Some stories lay out a conundrum so well, they provoke additional observations.

A WardsAuto article, “Car Dealerships Fail EV-Selling Test, Mystery Shopping Study Indicates”, is such an article.

It points out:  a) Americans are largely uninterested in buying EVs, and b) this partly may be due to car dealerships not doing a good job at selling them. (That’s according to a Ipsos RDA market research study.)

Whether one disputes the findings of the mystery-shopping study or not, one can’t ignore the fact that while few EVs are selling now, quite a few (to put it mildly) will be on the market from many manufacturers soon.

Tesla’s whole claim in not using the franchise dealership system is that EVs would not get proper attention and treatment within the typical dealership, and the Ipos study suggests the EV shopping experience at a typical Tesla store is better (but does anyone remember Tesla’s sales-performance scores. (They are consistently not too good).

In any event though, no one seriously thinks Tesla will sell the majority of EVs in the coming years. This task is for the major manufacturers and their dealers. So what’s the solution to this current lack of sales attention?

Everyone who has ever been involved directly in showroom training knows what the problem is, and it is not all that complicated to figure it out. With a few outlier exceptions, all real money made in the current auto retail business comes from internal combustion SUVs, trucks and truck-like vehicles.

That money flow includes the manufacturer, dealer and sales consultant. There are tangible reasons why major manufacturers are turning, big time, to EV production and development. But these involve strategic, long-term goals. That makes sense for these OEMs.

But why would any dealer, let alone a sales consultant who needs to earn an income now – not in the distant future – divert focus from what makes money today, to vehicles that frankly take more time to sell, with details that are more difficult to master and that produce less gross profit than your average pick-up truck?

There, I’ve identified the elephant in the room. It makes no economic sense, today, for a dealer or sales consultant to concentrate on EV selling (except in some markets where natural demand is high), to the distraction or diversion of maximizing their return on vehicles that make far more gross profit for far less effort. 

All the support training in the world and EV focus from manufacturers will not currently overcome this powerful showroom motivational fact.

I’m not sure what the answer is here, as many more EVs are coming from almost every automaker, and some “green” states mandate a level of EV sales.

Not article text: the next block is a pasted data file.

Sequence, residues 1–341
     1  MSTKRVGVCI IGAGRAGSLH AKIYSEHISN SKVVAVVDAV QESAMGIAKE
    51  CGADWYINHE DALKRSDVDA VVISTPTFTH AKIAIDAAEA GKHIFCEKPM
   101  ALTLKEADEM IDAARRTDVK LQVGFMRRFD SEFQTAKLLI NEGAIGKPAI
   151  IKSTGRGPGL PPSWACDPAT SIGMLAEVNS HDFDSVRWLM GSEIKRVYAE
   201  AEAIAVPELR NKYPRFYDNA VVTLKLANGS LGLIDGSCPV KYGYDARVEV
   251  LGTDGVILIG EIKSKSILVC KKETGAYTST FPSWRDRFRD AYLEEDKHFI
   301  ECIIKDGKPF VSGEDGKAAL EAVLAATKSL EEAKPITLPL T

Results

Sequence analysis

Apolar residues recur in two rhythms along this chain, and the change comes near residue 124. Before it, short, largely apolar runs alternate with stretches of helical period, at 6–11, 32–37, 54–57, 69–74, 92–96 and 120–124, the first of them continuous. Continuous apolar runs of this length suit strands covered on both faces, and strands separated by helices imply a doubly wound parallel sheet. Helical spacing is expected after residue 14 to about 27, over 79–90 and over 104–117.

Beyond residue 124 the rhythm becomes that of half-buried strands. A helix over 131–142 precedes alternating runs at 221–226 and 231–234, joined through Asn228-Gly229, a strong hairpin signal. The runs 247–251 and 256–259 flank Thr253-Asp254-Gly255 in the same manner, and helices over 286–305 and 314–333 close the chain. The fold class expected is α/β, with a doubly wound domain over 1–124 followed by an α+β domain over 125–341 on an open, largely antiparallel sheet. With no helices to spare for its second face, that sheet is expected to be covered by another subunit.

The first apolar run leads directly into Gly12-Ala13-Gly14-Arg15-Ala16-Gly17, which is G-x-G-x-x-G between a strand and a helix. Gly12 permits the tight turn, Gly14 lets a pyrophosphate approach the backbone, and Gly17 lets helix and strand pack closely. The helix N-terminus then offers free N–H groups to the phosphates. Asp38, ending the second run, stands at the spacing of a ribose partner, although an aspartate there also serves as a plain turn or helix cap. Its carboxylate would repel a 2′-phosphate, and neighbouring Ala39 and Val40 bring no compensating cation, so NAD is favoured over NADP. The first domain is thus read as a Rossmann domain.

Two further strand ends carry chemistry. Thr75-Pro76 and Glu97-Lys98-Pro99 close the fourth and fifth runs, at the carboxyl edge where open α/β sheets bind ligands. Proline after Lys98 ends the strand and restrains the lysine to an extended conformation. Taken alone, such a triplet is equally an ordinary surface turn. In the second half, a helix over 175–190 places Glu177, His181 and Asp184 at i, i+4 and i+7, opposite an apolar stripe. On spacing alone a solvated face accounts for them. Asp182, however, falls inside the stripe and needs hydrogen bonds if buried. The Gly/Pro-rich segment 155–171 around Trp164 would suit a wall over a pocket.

An obvious intermediate solution would be more financial incentives from the manufacturer to the dealer to foster concentration on the showroom floor, but this is only a temporary fix. No manufacturer (including Tesla) seems to be making any money from EVs, so how long can any subsidy take place?

I recently spent a day at Wharton School of Business as one of their “Entrepreneurs in Residence.” I met Gabe Elsner, an astute MBA candidate with experience both in founding a clean energy think tank (Energy and Policy Institute) and working at Tesla.

He has an interesting solution. He proposes, through his startup company, ZEV, to provide interactive software that’s embedded on the dealership website and used by salespeople in the showroom. It educates and guides the prospective EV buyer through comprehensive, unbiased education and purchasing assistance. It educates customers and provides technical advice that a first-time EV buyer seeks.

ZEV’s vision is to supply all the EV information and customer handholding. It would help shoppers compare electric vs. gasoline, provide sales staffers with tools and help the cause of customer satisfaction.

With all the money that is currently spent on EV production and development, it might make sense for manufacturers to subsidize something like this. 

Solving the dealerships’ EV sales problem is an uphill battle in uncharted territory. I’m not sure this one idea completely satisfies the conundrum. I’m sure there are other creative ideas out there. What do you think?

John F. Possumato is an attorney, the founder of Automotive Mobile Solutions and a graduate of the Wharton School of Business at the University of Pennsylvania.  He can be reached at